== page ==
One example is Crater Gale which is 170 km across and 3-4 km deep. A large mound with peak is located in center of crater – the peak is almost as high as the crater’s outer rim. Detailed high resolution imagery shows a series of layers extending right up the slope of the mound.

According to Malin “to geologists layering is like the holy grail – it tells us that the planet has recorded a history of change. What we see on Mars today is very different from what we expected to find based on Viking and Mariner 9. These areas record a complex story – one that can be addressed with tools used to understand Earth. This planet is more than just impact craters and dust.” Edgett added that “this story tantalizes and begs us to come back.”

Jim Garvin, Mars program scientist at NASA Heaquarters noted that these photographs “give us an idea of where we should look next for the elusive record on Mars. This layering has been known since Mariner 9 – but linking this all together now as a story is what is exciting. We have a Mars program that is now unfolding. The next step is the Mars Odyssey which we will launch in 5 months. That mission will help put these observations in context and try to understand the composition of the structure by use of a high resolution middle infrared spectrometer (MIS).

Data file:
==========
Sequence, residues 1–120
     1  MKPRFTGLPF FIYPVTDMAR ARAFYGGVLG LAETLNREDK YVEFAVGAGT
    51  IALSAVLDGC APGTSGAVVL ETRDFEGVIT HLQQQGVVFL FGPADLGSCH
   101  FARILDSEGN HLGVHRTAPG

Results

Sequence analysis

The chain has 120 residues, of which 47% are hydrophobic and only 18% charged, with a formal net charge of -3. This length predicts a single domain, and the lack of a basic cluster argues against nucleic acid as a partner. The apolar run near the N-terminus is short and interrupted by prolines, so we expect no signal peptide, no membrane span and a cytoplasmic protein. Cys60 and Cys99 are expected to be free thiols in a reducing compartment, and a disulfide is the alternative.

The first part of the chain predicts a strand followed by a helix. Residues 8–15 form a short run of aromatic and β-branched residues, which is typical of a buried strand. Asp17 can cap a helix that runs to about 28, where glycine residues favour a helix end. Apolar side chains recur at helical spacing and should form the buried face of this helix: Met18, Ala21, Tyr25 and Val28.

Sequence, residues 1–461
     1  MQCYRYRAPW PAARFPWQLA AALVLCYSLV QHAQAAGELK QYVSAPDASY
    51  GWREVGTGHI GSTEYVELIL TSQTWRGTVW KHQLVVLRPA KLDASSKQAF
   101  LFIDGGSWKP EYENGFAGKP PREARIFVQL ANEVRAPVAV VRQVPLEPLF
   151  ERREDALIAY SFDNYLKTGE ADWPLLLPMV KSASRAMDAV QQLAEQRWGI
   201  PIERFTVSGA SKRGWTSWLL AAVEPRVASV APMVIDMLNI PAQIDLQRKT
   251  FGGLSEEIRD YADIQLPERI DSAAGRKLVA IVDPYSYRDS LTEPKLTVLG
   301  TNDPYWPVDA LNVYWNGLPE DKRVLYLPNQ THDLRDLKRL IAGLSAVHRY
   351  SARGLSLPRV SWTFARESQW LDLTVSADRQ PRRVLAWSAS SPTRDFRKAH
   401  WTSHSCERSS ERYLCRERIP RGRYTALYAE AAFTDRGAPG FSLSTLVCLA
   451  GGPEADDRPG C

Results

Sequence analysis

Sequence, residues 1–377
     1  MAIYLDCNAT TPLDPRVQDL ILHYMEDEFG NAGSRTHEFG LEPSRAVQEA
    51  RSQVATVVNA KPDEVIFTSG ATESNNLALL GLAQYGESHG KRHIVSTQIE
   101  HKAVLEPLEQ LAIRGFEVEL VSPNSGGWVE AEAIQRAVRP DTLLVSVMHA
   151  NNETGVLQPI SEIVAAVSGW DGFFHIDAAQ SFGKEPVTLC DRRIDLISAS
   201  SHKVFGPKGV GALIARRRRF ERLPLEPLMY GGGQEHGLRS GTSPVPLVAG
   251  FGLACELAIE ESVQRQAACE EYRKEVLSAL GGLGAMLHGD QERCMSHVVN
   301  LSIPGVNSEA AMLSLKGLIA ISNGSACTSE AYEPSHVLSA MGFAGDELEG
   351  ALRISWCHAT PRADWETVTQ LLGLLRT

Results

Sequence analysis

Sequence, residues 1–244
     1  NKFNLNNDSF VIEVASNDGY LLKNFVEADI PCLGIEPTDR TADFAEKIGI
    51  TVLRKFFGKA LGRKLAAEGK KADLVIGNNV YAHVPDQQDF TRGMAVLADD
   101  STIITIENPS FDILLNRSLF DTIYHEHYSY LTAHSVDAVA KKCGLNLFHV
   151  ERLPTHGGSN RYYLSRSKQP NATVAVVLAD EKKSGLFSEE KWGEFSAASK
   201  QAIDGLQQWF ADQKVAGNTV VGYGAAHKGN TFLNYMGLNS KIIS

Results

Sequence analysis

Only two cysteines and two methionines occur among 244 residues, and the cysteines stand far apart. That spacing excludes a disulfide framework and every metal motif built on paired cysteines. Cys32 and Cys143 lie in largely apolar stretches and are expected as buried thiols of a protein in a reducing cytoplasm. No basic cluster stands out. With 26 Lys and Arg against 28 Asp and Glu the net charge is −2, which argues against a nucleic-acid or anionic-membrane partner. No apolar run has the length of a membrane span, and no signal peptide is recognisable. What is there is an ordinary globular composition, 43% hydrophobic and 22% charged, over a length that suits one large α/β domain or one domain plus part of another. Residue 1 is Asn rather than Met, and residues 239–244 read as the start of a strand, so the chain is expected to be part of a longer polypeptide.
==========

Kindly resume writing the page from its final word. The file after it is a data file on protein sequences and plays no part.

Garvin went on to characterize these discoveries as being akin to the “great archaeological discoveries” wherien the secrets of Earth’s past were revealed. Garvin felt that these photos do much the same for Mars.

Malin closed the conference by addressing an issue on many people’s minds – the implications of these findings for the possibility of life – past and/or present on Mars. He said ” if there was life on Mars that was similar to terrestrial life then these are exactly the locations where you’d want to go. These sort of rocks have been sought for astrobiologists for decades.”

Related Links

° Mars Global Surveyor, NASA JPL

° NASA’s Mars Exploration Program, NASA JPL

° NASA Public Affairs

° Malin Space Science Systems

° 4 December 2000: Evidence of Martian Land of Lakes Discovered, NASA PAO

° 4 December 2000: Science report: sedimentary rocks on Mars may suggest an ancient land of lakes, Science Magazine

° 4 December 2000: IMAGES from Science report: sedimentary rocks on Mars may suggest an ancient land of lakes, Science Magazine

° 4 December 2000: Major Mars Discovery to be Announced Today in Press Briefing, NASA PAO

° 4 December 2000: Layered Material in West Arabia Terra Crater, MSSS/NASA JPL

° 4 December 2000: Layered Outcrops of Far West Candor Chasma, MSSS/NASA JPL

° 4 December 2000: Sediment History Preserved in Gale Crater Central Mound, MSSS/NASA JPL